Review Summary: He’s known as the hardest working man in show business and this album contains all the proof you’ll ever need.8 of 8 thought this review was well written
There are different manners to approaching a live performance. Some bands decide to include long improvisations such as in Deep Purple’s Made In Japan
or The Grateful Dead’s Live/Dead
. Other bands give 150% of their energy in order to create an incredibly intense performance, evident in Iron Maiden’s Live After Death
or Motorhead’s No Sleep ‘til Hammersmith
. Nevertheless, in order for a live performance to be worth attending, a band or an artist has to provide an extra incentive. Now, you will probably ask yourselves why I am writing about Deep Purple or Motorhead in a James Brown review. Well, this website’s user base consists mainly of rock and metal fans and I’m proud to admit that I’m one of them. So, is there a reason for those fans to listen to this live album? The answer is an emphatic yes!
First of all, Sex Machine
is a double LP that clocks at 64 minutes. However, its first two sides were recorded in studio with added reverberation and overdubbed applause making this album not 100% live. The reason for that is that his backing band left James Brown shortly before the planned recording of this album, so he decided to record some of the tracks in studio. Nevertheless, don’t let this fact make you ignore this album because it contains some of the funkiest music ever recorder by Mr. Dynamite himself. James Brown’s voice is not the only highlight of this recording though. He is being assisted by his backing band, the J.B.’s consisted by the legendary Bootsy Collins on bass and his brother Catfish on guitar among others. Bootsy Collins was just 18 at the time and not much later he quit the band while joining George Clinton’s Funkadelic at the age of 20.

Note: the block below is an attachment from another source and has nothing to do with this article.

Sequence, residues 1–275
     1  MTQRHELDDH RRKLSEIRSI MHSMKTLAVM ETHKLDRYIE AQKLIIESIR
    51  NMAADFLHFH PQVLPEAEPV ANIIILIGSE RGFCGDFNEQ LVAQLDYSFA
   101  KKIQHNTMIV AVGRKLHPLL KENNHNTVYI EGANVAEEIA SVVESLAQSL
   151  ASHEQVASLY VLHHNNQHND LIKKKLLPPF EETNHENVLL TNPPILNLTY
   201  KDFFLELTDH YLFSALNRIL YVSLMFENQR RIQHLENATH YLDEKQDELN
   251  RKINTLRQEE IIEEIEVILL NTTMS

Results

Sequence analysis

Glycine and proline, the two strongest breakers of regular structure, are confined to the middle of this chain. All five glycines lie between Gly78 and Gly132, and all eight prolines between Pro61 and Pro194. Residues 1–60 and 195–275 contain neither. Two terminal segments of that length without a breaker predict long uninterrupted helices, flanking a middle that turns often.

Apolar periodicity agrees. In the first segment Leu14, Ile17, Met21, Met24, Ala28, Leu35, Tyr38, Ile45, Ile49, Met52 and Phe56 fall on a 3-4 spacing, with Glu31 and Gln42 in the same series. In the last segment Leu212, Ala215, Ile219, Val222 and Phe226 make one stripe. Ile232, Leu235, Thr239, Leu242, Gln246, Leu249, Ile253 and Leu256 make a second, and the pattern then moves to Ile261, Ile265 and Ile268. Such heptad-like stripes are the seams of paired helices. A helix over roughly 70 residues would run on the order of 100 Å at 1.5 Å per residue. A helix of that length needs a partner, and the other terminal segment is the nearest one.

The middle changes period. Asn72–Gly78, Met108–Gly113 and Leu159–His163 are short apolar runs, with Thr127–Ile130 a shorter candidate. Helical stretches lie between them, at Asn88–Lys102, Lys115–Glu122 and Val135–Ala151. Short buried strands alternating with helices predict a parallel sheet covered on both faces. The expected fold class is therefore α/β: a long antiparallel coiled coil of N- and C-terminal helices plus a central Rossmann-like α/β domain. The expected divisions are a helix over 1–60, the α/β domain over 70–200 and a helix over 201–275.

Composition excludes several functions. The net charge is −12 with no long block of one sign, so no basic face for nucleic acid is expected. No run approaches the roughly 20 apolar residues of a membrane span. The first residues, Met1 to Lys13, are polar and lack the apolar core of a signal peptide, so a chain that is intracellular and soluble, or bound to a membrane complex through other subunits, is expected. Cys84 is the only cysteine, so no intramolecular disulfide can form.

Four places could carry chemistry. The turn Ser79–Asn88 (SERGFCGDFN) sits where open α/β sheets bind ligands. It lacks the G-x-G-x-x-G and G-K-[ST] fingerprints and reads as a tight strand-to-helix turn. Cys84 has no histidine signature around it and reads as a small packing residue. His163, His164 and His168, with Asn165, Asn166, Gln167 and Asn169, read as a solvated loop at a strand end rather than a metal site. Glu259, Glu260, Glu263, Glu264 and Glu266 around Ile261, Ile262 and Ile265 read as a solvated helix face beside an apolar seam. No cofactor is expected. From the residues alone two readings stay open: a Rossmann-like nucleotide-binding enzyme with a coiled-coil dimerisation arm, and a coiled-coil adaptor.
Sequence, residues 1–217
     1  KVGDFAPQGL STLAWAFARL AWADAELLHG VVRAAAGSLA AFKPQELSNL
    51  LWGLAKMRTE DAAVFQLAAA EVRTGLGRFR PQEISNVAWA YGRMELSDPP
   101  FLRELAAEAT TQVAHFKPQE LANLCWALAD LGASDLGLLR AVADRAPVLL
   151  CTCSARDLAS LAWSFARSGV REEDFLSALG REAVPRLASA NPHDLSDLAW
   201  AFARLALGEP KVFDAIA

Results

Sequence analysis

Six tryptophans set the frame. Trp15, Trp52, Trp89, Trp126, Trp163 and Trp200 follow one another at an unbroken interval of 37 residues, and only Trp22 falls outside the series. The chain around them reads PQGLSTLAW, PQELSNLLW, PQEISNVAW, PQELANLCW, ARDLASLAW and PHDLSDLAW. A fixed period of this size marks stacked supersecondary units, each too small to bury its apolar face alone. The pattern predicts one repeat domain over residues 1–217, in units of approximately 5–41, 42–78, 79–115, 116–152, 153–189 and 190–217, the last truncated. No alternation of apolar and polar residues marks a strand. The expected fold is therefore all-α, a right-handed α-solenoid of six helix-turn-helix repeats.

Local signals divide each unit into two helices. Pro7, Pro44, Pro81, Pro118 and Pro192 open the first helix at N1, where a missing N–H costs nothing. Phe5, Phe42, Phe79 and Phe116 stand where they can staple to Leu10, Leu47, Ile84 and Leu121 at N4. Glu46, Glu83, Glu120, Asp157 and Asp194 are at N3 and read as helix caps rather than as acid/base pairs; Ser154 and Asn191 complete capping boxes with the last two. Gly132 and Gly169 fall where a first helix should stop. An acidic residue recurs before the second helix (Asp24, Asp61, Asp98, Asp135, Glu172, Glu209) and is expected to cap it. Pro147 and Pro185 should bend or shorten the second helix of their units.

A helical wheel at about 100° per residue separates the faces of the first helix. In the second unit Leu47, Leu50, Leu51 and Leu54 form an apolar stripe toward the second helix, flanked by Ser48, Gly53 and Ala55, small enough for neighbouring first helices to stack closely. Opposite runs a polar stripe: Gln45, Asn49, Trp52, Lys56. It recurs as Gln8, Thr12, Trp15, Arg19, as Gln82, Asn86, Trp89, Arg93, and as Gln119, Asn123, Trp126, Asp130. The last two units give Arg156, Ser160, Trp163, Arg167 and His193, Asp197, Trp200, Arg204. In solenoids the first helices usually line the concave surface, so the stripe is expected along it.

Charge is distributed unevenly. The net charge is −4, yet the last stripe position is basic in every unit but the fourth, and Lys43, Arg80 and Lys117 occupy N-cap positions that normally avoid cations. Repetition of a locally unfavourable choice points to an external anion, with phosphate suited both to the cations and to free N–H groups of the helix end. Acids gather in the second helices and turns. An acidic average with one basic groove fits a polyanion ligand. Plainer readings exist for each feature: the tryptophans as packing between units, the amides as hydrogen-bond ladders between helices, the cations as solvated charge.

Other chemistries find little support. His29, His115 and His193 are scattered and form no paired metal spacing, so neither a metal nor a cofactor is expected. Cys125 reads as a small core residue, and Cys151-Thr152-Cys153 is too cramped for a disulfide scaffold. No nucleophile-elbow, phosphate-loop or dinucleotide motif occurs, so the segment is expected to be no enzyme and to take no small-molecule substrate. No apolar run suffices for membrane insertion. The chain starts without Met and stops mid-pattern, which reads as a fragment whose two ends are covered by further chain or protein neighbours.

The live parts of this album were recorded at Augusta, Georgia in 1969, 17 years after James Brown’s release from a youth detention center there. The music itself is mostly funk and soul and the whole album serves as a testament to Brown’s amazing skills as a performer. The man must have been an absolute professional. His voice is top notch hitting the right notes all the time while at the same time he is dancing and interacting with the audience. The band even though not being together for too long at the time sounds extremely tight and seems to have developed a strong chemistry.
Almost every song on this album has been performed in an alternative manner compared to its studio version. From the extended version of the opener “Sex Machine” with its hypnotic rhythm to “I Got the Feeling” which is reduced in half in order to serve as the link between “Bewildered” and “Give It Up or Turnit a Loose”. The former is a doo-wop adaptation of the 1936 original love song in which James Brown’s passionate screams and howls are accompanied by a horn section. The song, which became a staple in James Brown’s concerts, is definitely a highlight of this album. On the other hand, “Give It Up or Turnit a Loose” along with “Licking Stick – Licking Stick” are prime examples of the (at the time) innovative slap-bass technique which would later characterize funk music, courtesy of Bootsie Collins of course. Moreover, James Brown was known as a social activist and a serious supporter of education among black youth. This is evident in “Brother Rapp” and “I Don't Want Nobody to Give Me Nothing”, both highly rhythmic anthemic songs for equality among races and in education. Furthermore, one of the absolute highlights of the album is “It’s a Man’s Man’s World”, an iconic song with great crescendos, called chauvinistic but interestingly enough co-written with a woman. In addition, a popular dance at the time called Popcorn is being represented by 3 tracks; “Lowdown Popcorn”, “Spinning Wheel” and “Mother Popcorn” are the least interesting tracks of the LP and their value is almost purely historic. This leaves us with “If I Ruled the World” in which James Brown shows his singing abilities apart from screaming and howling and “There Was a Time”, “I Can’t Stand Myself” and “Please, please, please” which are all fine funk songs.
To sum up, you shouldn't listen to this album because it was voted as the 34th greatest album of all time in a VH1 poll of over 700 musicians, songwriters, disc jockeys, radio programmers, and critics in 2003. You should listen to it because it contains what music is all about. Dammit, you should at least listen to a few tracks because it contains what life is all about; passion. So, put on your dancing apparel because James Brown will make you feel the groove.